I have read many articles about the dangers of retractable leashes but none have talked about the neck damage to the dog. Most were concerned with injuries caused by the leash snapping back and injuring a dog or person or the leash not retracting fast enough and the dog attacks another animal or gets into the street where danger lurks. This is another big concern why the retractable leash shouldn't even be manufacturered. They are not good from a training aspect either.
By Dr. Dobias
Today, I would like to focus on another device that is a common source of injuries - a retractable leash. Most people do not think twice about them. They appear to give a dog more freedom, especially when they have to be on a leash. But do not be mistaken, when it comes to dogs retractable leashes can cause serious damage.
Let us move away from dogs and give you a human example.
Pretend to be a dog for a moment. You put a collar on your neck and attach a retractable leash to it. You ask a friend to hold the leash handle and instruct her to press the “brake button” when you start running.
Jerk!!!! Bang! Your neck gets yanked on big time. Your thyroid gland suffers a trauma from the sudden jerk. If you are lucky, you will suffer no injuries, repeat this many times and a severe injury is inevitable.
When it comes to dogs and retractable leashes, there are two main issues.
The jerk at the end of the leash or the “leash brake” can severely damage your dogs’s neck and the thyroid gland.
Even if your dog is gentle, doesn’t run to the end of the leash and you never use the brake, the spring loaded leash always applies pressure on your dog’s neck and throat.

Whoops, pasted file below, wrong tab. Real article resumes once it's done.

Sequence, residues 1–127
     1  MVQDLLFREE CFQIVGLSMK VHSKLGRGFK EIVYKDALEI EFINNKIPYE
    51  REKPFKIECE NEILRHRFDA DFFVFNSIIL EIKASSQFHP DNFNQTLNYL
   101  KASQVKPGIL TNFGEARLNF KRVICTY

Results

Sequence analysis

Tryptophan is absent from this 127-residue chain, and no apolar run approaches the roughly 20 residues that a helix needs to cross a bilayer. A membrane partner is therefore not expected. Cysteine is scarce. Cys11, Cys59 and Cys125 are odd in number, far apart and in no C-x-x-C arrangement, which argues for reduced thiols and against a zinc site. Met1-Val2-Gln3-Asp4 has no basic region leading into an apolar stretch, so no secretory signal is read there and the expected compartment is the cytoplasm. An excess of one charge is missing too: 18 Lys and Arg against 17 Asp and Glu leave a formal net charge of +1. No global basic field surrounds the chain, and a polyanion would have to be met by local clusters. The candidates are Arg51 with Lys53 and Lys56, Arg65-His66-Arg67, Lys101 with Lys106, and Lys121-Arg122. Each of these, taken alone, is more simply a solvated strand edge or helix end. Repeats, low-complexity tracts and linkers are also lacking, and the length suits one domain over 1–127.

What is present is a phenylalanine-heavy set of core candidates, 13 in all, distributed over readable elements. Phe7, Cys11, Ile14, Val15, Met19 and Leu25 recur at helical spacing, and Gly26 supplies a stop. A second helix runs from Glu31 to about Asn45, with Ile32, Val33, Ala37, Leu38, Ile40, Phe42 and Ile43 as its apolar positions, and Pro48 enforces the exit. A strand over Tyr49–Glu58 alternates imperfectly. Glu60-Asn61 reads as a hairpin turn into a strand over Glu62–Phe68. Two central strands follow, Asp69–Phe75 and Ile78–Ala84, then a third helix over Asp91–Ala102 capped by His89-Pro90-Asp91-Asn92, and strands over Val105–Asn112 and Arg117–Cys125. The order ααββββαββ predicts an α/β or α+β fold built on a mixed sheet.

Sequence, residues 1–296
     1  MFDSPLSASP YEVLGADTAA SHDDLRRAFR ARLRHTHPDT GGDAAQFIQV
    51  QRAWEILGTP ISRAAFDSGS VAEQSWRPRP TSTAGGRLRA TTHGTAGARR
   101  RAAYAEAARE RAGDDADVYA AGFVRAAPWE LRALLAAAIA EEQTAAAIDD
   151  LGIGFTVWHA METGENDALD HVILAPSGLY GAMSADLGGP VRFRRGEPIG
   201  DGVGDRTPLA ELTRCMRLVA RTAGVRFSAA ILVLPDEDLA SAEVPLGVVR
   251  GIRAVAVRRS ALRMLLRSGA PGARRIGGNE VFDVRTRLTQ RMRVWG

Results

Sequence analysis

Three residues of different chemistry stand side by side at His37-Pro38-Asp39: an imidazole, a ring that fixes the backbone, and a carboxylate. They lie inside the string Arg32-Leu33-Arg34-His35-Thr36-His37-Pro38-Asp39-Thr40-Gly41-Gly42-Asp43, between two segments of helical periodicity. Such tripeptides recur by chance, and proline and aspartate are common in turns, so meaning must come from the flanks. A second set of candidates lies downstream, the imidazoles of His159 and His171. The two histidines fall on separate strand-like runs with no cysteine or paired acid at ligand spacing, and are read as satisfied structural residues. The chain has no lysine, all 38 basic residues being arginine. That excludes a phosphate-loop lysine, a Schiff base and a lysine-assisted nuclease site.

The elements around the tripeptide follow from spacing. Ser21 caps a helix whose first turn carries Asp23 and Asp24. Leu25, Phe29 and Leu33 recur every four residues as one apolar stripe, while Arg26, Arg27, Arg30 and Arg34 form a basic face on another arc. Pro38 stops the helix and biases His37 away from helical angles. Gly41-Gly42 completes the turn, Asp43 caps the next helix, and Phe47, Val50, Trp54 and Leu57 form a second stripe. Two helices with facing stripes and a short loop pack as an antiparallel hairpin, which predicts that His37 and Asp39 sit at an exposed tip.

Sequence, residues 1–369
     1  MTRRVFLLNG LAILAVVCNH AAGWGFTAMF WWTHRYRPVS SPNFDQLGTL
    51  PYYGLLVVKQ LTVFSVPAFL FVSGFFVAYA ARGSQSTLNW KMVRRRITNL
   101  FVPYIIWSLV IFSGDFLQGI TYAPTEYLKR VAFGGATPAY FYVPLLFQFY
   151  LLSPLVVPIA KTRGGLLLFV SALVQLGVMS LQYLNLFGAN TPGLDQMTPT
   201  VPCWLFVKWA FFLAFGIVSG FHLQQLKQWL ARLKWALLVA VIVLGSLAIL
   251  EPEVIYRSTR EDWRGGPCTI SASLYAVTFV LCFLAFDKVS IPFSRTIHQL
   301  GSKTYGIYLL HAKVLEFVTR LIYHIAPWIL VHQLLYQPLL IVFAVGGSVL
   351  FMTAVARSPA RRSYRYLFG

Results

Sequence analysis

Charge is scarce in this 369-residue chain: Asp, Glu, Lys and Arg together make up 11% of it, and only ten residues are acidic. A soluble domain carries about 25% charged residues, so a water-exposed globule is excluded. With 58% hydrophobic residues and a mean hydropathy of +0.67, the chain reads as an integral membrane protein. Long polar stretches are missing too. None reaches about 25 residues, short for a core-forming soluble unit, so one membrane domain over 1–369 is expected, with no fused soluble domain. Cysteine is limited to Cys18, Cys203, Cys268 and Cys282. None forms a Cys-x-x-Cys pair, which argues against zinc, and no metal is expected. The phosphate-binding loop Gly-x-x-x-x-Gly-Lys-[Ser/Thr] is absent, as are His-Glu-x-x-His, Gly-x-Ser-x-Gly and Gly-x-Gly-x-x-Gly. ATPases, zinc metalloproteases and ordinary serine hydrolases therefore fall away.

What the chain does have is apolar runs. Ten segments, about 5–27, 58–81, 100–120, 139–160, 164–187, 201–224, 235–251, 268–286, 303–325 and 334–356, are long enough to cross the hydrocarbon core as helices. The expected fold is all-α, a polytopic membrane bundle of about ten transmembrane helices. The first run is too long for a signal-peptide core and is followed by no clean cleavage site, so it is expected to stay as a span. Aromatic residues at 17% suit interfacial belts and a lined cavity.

I trust that it is not the intention of retractable leash manufacturers to cause damage. I believe that they never thought of this when making their design. However, I feel the responsibility to tell you that I have seen serious problems caused by retractable leashes from hypothyroidism to damage to the nerves that results in Paw Licking in Dogs.
To summarize, the best way to protect your dog’s most sensitive region, the neck, is to use a front or side clip harness and a light, shock-absorbing leash made of natural materials.
When I think of dill, the first thing that comes to mind is sweet dill pickles or the seasoning on a grilled salmon fillet.
What may not quickly come to mind is dill as a stomach-soother and breath freshener – and certainly not as an antibacterial.
But that’s the beauty of food, isn’t it? If you find the right one, it might just be the thing that fixes what ails your dog.
Part of the parsley family, a sprinkle or drop of the oil of this fun little herb could benefit your dog in one or more of these three ways:
If your dog is a living vacuum cleaner – picking up any food seconds after it falls on the ground – or if the garbage can is his idea of a buffet, it’s a good idea to keep some dill on hand. It’s known as an overall digestive aid, helping with gas, nausea, cramping and appetite.
Since dill is a member of the parsley family, it’s really not that surprising that dill would also work as a breath freshener. According to Herbs for Pets by Gregory L. Tilford and Mary L. Wulff, dill’s breath freshening action comes from its antibacterial powers that work well in the mouth for foul breath caused by bacteria and even gingivitis.
Dill contains antioxidant flavonoids, including kaempferol and vicenin. Kaempferol has been linked to health benefits, including anti-inflammatory, anti-cancer, cardio-protective, neuro-protective and anti-diabetic; whereas vicenin helps protect cells and chromosomes from oxygen-based damage, radiation and damage caused by free radicals. Free radical damage can lead to chronic disease like cancer, joint and organ diseases. And antioxidants are the antidote to out-of-control free radicals.